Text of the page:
College of American Pathologists
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  STATLINE — CAP’s Bi–Weekly Federal and
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October 15, 2009  •  Volume 25, Number 21
Next Issue: October 29, 2009
© 2009 College of American Pathologists

In This Issue:

Breaking News: New Bill to Eliminate SGR Could Move Ahead of Larger Senate Health Reform Debate
Healthcare Overhaul Bill Clears Senate Finance Committee
SACGHS Recommends Exemption from Gene Patent Infringement in Clinical Care
Daschle to CAP ’09: Pathologists Must Get Involved in Healthcare Reform
Interim Final Rule of Title I of Genetic Information Nondiscrimination Act Rolled Out on October 1st
Governor Signs Bill Recognizing Laboratory Accreditation

Breaking News: New Bill to Eliminate SGR Could Move Ahead of Larger Senate Health Reform Debate

Significant developments have unfolded surrounding the Sustainable Growth Rate (SGR) formula.

The AMA has been successful in convincing the Senate Leadership to bring a separate SGR bill to the senate floor that would repeal the SGR formula and eliminate all the debt that has accumulated under the current payment system.

“This is a critical vote. Senators need to hear from pathologists now to ensure this bill gets every vote it needs. Call your Senators now,” urged Stephen N. Bauer, MD, FCAP, President of the College of American Pathologists.

The SGR formula for physician payment has been problematic for years and Congress has had to address it each year by passing a short-term fix. The healthcare reform bills passed in the House replaced the SGR formula. The Senate Finance Committee’s bill included a one-year fix, but did not address the underlying problem with the formula itself.

As the insurance industry has stepped up its opposition to healthcare reform, the AMA and other physician groups were able to reach an agreement with legislators, supported by the Senate leadership and the White House, to repeal the SGR and maintain physician support for healthcare reform. This is recognition of the importance of the medical community, and physicians in particular, in getting reforms passed.

The bill, S. 1776, the Medicare Physicians Fairness Act of 2009, is on a fast track and could go through a series of procedural votes next week, starting as early as Monday, October 19.

According to the AMA, passage of the bill would ease budget constraints and allow a new physician payment update system to be incorporated into the broader health system reform bill. While details of a new update system have not been worked out, administration and congressional leaders have committed to working with physician groups to provide positive updates this year and in the future.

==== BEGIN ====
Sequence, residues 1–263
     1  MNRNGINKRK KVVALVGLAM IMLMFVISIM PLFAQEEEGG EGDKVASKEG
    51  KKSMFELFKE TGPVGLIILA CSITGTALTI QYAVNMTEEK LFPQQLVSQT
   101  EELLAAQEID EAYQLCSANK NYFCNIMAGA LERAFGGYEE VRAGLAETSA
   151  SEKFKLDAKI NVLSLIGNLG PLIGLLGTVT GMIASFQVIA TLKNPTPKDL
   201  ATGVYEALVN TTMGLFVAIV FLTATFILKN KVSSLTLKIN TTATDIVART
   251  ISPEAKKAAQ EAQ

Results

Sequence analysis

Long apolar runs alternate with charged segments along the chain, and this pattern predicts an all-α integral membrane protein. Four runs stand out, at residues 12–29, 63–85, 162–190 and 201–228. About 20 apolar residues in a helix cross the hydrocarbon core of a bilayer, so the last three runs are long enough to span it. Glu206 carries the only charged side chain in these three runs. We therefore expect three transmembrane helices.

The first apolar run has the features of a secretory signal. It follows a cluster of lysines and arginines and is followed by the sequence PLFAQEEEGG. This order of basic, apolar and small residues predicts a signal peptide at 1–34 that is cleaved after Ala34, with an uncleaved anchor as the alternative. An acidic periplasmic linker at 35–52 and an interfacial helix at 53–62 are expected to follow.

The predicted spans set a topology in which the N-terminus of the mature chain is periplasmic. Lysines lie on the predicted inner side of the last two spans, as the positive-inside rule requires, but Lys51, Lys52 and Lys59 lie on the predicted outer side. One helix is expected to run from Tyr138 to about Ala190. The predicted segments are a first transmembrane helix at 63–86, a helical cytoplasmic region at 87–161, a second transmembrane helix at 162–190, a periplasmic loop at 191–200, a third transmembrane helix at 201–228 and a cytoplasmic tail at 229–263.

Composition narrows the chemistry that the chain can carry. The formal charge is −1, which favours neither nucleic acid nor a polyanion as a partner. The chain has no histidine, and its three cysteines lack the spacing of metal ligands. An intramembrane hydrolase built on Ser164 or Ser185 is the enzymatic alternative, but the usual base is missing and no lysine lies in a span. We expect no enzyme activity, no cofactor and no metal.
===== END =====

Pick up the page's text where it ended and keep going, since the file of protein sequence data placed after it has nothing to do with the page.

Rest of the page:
In order to proceed, the bill will need the support of 60 Senators on several procedural motions over the next few days.

This could be the most important vote in the Senate of your career. Act now. Tell your Senators to support S. 1776.

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Healthcare Overhaul Bill Clears Senate Finance Committee

Earlier this week, the Senate Finance Committee passed its version of a healthcare reform bill, America’s Healthy Future Act of 2009, making it the final Congressional committee to pass a healthcare reform bill, and opening the door for lawmakers to progress to the next step in crafting healthcare reform legislation.

Senate Majority Leader, Harry Reid (D-NV), scheduled Senate debate to begin on October 26. Before floor debate can begin, the recently passed Finance Committee bill and the bill passed by the Health, Education, Labor, and Pensions (HELP) Committee last summer would need to be melded into a single bill.

Right now in Washington, most believe the Finance Committee bill, which is projected to reduce Medicare costs while adding nearly $860 billion to overall healthcare costs over 10 years, is the most likely model for what the final bill will contain. It is being heralded as a middle-of-the-road plan because it lacks a provision for a public insurance plan. However, it contains a number of provisions of concern to pathologists.

Provisions with the most direct and immediate impact include:

  • A one-year “patch” to the SGR, replacing an anticipated 21% cut with only a .5% increase for 2010, and making no provision for impending reductions in future years. Replacing the SGR formula continues to be a central issue, and physician groups are continuing to work with Congress to address a permanent fix. Watch for new alerts from CAP on this issue.)